The reports of Colonel Allabach and Captains Randol and Barnes accompany this.

I submit herewith tabular and nominal lists of the killed, wounded, and missing, [footnote:] Embodied in revised statement, p.181. [end of footnote] and tabular statements of property lost.

I have the honor to be, very respectfully, your obedient servant,

A. A. HUMPHREYS, Brigadier-General, Commanding Division.
[to] Lieut. Col. FRED. T. LOCKE, A. A. G., Fifth Army Corps.



HDQRS. THIRD DIVISION, FIFTH ARMY CORPS, May 11, 1863.

COLONEL: Understanding that a more detailed statement respecting the crossing of the Rappahannock on the pontoon bridge at Kelly's Ford may be desirable, I have to report that, at the time the supervision of the crossing was turned over to me by the major-general commanding the Fifth Corps, Major-General Stoneman's Cavalry Corps had begun to cross on the bridge, all of which passed over there excepting [page 550] (as I understand) one brigade, that crossed at the deep ford just above. There were two interruptions during this crossing, owing to the partial failure of a part of the bridge. The delay thus caused was from one hour to one hour and a half. As soon as the cavalry passed, two regiments of infantry of the Twelfth Corps and the brigade of infantry of the Eleventh Corps, guarding its baggage, were passed, and during the passage of the cavalry a regiment of the Twelfth Corps was passed over at the earnest solicitation of the colonel, who represented himself to have received orders to leave the train he was with and join his command. As soon as the infantry of the Eleventh and Twelfth Corps was over, the headquarters train of the Twelfth Corps passed, then those of the Eleventh Corps, followed by the supply trains, as I understood them to be, of the Eleventh Corps. Two interruptions occurred during the passage of the latter by the bad management of the wagons, one of which nearly proved fatal to the small bridge across Marsh Run, and the other to a span of the pontoon bridge. These caused a delay of at least half an hour, if not more. The train mentioned consisted of at least 125 wagons and 55 spring wagons and ambulances, belonging chiefly, almost entirely, as reported to me, to the Eleventh Corps.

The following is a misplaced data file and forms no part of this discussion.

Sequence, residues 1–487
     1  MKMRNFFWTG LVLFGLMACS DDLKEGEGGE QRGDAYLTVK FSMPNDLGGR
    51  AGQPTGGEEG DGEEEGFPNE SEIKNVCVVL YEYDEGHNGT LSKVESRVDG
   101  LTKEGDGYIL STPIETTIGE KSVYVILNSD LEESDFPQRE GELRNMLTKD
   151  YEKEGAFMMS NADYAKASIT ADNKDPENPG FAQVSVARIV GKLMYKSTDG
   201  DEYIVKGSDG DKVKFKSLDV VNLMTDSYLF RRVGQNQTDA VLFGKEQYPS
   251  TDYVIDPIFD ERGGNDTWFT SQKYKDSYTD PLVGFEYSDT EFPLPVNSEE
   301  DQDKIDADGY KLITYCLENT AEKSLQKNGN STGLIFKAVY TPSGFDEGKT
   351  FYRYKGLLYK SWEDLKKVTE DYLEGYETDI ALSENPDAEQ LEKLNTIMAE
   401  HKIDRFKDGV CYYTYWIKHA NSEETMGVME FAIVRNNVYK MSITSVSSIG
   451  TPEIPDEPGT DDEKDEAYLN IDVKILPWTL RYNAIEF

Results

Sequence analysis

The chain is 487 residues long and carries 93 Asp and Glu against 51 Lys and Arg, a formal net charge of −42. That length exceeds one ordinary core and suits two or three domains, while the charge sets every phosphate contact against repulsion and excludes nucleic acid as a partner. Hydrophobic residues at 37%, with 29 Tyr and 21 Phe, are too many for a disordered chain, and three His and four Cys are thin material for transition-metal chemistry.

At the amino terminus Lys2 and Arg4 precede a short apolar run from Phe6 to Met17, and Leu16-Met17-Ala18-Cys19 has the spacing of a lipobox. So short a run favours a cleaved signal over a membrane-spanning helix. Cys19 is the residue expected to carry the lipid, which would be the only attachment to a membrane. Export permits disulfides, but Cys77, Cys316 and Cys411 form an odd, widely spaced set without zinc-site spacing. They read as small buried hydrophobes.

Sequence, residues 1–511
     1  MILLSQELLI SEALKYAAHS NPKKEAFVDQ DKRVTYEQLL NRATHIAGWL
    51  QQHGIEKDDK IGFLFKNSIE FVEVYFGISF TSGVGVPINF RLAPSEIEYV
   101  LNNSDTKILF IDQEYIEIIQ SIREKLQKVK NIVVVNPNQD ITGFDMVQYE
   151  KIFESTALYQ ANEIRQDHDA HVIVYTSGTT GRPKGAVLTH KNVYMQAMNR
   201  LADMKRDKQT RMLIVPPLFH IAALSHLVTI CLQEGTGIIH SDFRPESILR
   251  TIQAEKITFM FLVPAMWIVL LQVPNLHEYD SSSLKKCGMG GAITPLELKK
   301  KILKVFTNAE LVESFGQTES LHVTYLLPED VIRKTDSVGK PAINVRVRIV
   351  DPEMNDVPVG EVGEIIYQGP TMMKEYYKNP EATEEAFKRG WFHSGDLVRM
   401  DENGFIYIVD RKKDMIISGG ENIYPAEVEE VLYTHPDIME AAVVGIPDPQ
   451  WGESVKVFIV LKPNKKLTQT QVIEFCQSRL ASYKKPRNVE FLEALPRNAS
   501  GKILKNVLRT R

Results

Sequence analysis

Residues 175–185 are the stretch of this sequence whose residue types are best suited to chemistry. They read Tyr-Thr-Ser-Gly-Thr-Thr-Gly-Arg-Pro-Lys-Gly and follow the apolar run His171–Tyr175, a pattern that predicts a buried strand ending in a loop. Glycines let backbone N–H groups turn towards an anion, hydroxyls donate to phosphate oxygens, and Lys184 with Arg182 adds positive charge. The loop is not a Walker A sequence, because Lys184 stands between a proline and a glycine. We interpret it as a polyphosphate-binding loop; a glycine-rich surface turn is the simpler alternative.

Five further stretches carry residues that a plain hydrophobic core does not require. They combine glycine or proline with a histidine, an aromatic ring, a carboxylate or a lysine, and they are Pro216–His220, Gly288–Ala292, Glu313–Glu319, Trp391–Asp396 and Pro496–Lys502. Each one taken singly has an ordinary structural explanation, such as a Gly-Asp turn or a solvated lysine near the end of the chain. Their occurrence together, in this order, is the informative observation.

The trains of the Fifth Corps succeeded immediately, and, when everything had passed, my division of infantry crossed. It was dusk when its head reached the bridge. All the cattle were, by my directions, swum across Marsh Run, and taken across the river at the ford.

The passage across the river on the bridge was continuous; not an instant was lost. By the aid of my staff, the trains were kept closed, and, by the admirable management of the officer in charge of the bridge, ignorant, careless, and stupid drivers were passed safely and rapidly over the bridge, with the exceptions just noted.

The instant my infantry passed, which must have been 8 o'clock, or about that hour, the taking up of the bridge commenced, and at 11.30 p. m. the march for Ely's Ford commenced from the forks of the road, at a house about a half or three-fourths of a mile from the river. The demands made upon me for authority to cross the bridge by various staff officers of the headquarters trains and others out of the order which I had arranged, in consonance with the instructions I received from the major-general commanding the corps, or the order of precedence he had left with me, were incessant and repeated. I need hardly state that I did not yield to them.

I believe that I have mentioned every material fact in my report and this appendix to it.

A. A. HUMPHREYS, Brigadier-General, Commanding Division.

[to] Lieut. Col. FRED. T. LOCKE, A. A. G., Fifth Army Corps.

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revised 1 June 02